This week's Dryden Courier has a long article about the Dryden school lunch program's deficit. Last year's contingency budget forced benefits into the program's budget, creating problems, but there seem to be a lot of other issues as well. There are two photos of the kitchen at Freeville Elementary School, with Lonnie Boyer at work.
Also on the front page is tomorrow's Farm City Day at Lew-Lin Farms on Livermore Road. I can't make it, but I loved the 2005 Farm City Day on the Marquis Farm, and highly recommend going. It has activities for the whole family, and runs from 11:00am to 4:00pm this Saturday, August 11th.
The Courier visits budding chef Joel Whitmore of Dryden, and prints his recipes for a dry rub and barbecue sauce. They also list the winners from the recent Tompkins County 4-H Youth Fair, including a lot of Dryden residents.
Matt Cooper's Inside Dryden column reports on Amy Dickinson's coming presentation tonight. He also has an update on Beyond Measure, the Dryden High School a cappella group, notes that Sertoma soccer registration is tomorrow morning at Dryden Elementary (forms are accepted through the 18th), notes that the Intergenerational Band will perform August 12th at 3:00pm at Dryden High, and reports on an infestation of "fat, slow, green flies".
There's a photo of Douglas McVarish surveying for historical landmarks along 366 in Freeville, apparently as part of inventorying for future roadwork.
Harry Weldon's Anecdotes and Brevities column starts with concerns about the recently renovated piece of Route 13 through the Village of Dryden, where "there are big chunks of pavement that are being ground to a fine dust on a daily basis."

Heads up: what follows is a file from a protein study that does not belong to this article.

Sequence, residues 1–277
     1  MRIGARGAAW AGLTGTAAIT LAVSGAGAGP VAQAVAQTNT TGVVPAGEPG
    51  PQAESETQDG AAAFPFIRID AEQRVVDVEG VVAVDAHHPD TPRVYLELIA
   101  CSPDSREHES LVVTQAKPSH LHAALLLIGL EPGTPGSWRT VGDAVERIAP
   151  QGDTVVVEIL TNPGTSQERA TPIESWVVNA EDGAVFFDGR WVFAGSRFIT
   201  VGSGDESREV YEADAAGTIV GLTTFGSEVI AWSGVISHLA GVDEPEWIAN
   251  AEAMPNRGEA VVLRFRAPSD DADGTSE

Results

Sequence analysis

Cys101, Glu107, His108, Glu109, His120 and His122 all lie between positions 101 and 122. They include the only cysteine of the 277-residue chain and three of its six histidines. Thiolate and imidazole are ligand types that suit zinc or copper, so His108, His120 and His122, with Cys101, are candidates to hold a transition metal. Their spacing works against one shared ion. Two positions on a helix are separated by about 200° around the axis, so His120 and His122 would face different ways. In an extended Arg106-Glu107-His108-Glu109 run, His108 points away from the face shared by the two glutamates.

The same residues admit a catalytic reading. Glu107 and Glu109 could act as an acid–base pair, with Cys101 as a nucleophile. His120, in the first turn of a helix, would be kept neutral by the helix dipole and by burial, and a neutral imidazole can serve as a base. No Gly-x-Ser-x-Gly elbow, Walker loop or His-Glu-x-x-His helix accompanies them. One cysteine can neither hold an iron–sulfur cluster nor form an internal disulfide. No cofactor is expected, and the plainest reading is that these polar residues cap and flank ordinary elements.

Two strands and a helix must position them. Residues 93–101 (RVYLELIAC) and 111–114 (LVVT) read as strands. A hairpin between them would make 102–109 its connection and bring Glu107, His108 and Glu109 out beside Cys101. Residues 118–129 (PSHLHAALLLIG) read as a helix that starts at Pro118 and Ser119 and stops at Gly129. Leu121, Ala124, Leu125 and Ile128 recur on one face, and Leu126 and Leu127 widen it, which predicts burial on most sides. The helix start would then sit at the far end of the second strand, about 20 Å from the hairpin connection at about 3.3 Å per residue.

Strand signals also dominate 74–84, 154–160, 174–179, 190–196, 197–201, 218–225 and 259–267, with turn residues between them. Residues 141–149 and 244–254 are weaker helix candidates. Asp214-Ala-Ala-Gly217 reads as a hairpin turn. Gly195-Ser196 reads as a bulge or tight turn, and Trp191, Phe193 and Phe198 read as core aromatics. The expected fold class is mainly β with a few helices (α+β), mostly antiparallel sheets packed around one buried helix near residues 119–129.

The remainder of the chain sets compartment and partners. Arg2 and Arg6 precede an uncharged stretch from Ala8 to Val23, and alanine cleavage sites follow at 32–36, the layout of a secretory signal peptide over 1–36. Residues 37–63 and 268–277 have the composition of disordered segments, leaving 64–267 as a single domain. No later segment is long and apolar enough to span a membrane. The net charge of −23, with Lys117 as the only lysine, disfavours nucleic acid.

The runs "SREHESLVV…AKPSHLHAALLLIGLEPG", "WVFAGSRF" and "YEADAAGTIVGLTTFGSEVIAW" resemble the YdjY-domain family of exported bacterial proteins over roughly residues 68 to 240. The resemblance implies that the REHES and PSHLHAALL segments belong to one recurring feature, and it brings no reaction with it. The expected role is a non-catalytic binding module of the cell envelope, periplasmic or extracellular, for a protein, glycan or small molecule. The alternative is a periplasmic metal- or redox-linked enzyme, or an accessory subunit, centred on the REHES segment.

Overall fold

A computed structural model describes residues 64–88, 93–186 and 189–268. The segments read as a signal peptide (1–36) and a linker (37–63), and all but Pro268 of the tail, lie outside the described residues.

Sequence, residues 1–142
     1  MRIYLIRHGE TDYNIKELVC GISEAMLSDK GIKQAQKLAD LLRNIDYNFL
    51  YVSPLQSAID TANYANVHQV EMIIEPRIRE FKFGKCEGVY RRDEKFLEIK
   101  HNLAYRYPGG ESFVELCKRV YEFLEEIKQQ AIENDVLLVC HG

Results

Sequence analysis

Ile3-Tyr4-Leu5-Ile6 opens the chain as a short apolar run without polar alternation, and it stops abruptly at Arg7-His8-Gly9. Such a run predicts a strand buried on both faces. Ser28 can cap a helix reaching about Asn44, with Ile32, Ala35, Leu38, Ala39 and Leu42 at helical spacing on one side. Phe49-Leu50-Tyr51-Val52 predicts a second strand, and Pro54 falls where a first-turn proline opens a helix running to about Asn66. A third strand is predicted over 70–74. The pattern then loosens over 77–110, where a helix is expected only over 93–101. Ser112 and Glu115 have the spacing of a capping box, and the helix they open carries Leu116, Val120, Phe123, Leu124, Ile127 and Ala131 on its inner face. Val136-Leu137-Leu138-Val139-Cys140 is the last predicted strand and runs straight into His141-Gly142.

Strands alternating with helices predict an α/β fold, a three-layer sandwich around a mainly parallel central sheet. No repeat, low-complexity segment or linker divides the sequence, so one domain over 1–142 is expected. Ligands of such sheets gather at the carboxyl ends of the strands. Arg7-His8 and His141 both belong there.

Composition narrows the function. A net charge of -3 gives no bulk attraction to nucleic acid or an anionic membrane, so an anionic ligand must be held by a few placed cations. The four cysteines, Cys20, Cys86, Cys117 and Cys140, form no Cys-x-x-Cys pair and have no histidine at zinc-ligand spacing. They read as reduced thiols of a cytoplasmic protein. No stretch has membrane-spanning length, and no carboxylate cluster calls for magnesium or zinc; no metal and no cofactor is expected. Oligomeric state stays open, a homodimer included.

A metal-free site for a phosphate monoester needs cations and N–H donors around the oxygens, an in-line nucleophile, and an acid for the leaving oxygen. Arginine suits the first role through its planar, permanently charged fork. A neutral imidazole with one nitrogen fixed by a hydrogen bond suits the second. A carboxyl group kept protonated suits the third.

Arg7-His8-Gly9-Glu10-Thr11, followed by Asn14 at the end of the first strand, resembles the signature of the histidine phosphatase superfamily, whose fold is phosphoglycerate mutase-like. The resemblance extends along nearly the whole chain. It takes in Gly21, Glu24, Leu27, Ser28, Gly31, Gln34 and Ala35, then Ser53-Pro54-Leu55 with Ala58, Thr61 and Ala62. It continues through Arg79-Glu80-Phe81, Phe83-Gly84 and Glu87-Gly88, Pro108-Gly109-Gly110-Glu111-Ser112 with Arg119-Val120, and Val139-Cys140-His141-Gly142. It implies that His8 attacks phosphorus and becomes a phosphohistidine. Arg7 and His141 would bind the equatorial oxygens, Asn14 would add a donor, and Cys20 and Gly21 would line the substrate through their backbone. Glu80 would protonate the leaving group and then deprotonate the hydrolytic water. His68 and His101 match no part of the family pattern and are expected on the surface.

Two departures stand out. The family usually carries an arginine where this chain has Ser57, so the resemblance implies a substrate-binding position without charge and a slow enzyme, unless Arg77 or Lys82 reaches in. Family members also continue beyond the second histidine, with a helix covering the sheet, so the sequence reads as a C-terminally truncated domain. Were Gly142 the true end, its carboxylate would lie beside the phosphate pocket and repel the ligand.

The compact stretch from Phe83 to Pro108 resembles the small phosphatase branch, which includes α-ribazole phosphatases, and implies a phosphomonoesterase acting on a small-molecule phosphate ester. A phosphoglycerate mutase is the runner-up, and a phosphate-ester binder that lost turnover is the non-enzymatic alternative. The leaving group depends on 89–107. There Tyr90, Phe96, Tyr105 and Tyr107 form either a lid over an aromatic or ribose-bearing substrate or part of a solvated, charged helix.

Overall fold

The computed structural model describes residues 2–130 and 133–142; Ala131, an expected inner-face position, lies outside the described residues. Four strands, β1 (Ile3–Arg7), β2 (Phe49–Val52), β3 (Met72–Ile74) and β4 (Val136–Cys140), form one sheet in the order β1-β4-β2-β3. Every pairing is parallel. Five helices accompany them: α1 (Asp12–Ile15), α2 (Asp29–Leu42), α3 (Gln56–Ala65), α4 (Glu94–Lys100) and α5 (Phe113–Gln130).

One final note is annoying, though it seems to be the Courier's corporate parent, the Finger Lakes Community Newspapers speaking, and not the Courier itself. In a call for contributions from readers - less kindly, "please send us material for free to keep us going" - they pause to blast blogs:
Local blogs in some areas include community event information, but blogs are not edited in any way, shape, or form, and are often wrong. Blogs also make little pretense of objectivity and therefore may ignore any particular event because they don't happen to think it is important.
Wow. Not to bash the Courier, but it's not exactly renowned for its editing prowess or its completeness. I'm very pleased with Matt Cooper's work, and enjoyed that of his predecessors, but never really thought of the Courier as complete, objective, or even (some days) necessarily correct. Apart from the historic level of editing, I'd say the same about the Ithaca Journal and Cortland Standard, so it's not like it's in bad company, but I'm not sure why a piece soliciting reader contributions needs to start with a blast against the competition.
Maybe they're concerned that the rise of self-publishing blogs will make it harder for them to get material from readers for free?
I know this blog is far from perfect, but wow.Posted by simon at August 10, 2007 5:34 PM in Dryden Courier , agriculture , recreation , schools (Dryden)